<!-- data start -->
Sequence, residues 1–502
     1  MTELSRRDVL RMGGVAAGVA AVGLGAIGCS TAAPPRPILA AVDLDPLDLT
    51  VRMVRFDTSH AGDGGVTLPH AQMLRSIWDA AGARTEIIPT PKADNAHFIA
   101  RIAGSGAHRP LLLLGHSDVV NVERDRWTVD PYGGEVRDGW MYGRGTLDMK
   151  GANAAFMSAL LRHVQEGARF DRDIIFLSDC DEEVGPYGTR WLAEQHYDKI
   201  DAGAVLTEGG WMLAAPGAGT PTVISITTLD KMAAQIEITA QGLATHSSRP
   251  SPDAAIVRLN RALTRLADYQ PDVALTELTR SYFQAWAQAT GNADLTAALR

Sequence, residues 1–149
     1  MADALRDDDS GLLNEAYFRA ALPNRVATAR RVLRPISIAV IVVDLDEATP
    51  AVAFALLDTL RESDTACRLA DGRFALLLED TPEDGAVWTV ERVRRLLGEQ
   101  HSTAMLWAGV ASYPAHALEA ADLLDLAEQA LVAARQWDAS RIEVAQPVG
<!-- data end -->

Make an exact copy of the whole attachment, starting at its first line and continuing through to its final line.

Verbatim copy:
Sequence, residues 1–502
     1  MTELSRRDVL RMGGVAAGVA AVGLGAIGCS TAAPPRPILA AVDLDPLDLT
    51  VRMVRFDTSH AGDGGVTLPH AQMLRSIWDA AGARTEIIPT PKADNAHFIA
   101  RIAGSGAHRP LLLLGHSDVV NVERDRWTVD PYGGEVRDGW MYGRGTLDMK
   151  GANAAFMSAL LRHVQEGARF DRDIIFLSDC DEEVGPYGTR WLAEQHYDKI
   201  DAGAVLTEGG WMLAAPGAGT PTVISITTLD KMAAQIEITA QGLATHSSRP
   251  SPDAAIVRLN RALTRLADYQ PDVALTELTR SYFQAWAQAT GNADLTAALR

Sequence, residues 1–149
     1  MADALRDDDS GLLNEAYFRA ALPNRVATAR RVLRPISIAV IVVDLDEATP
    51  AVAFALLDTL RESDTACRLA DGRFALLLED TPEDGAVWTV ERVRRLLGEQ
   101  HSTAMLWAGV ASYPAHALEA ADLLDLAEQA LVAARQWDAS RIEVAQPVG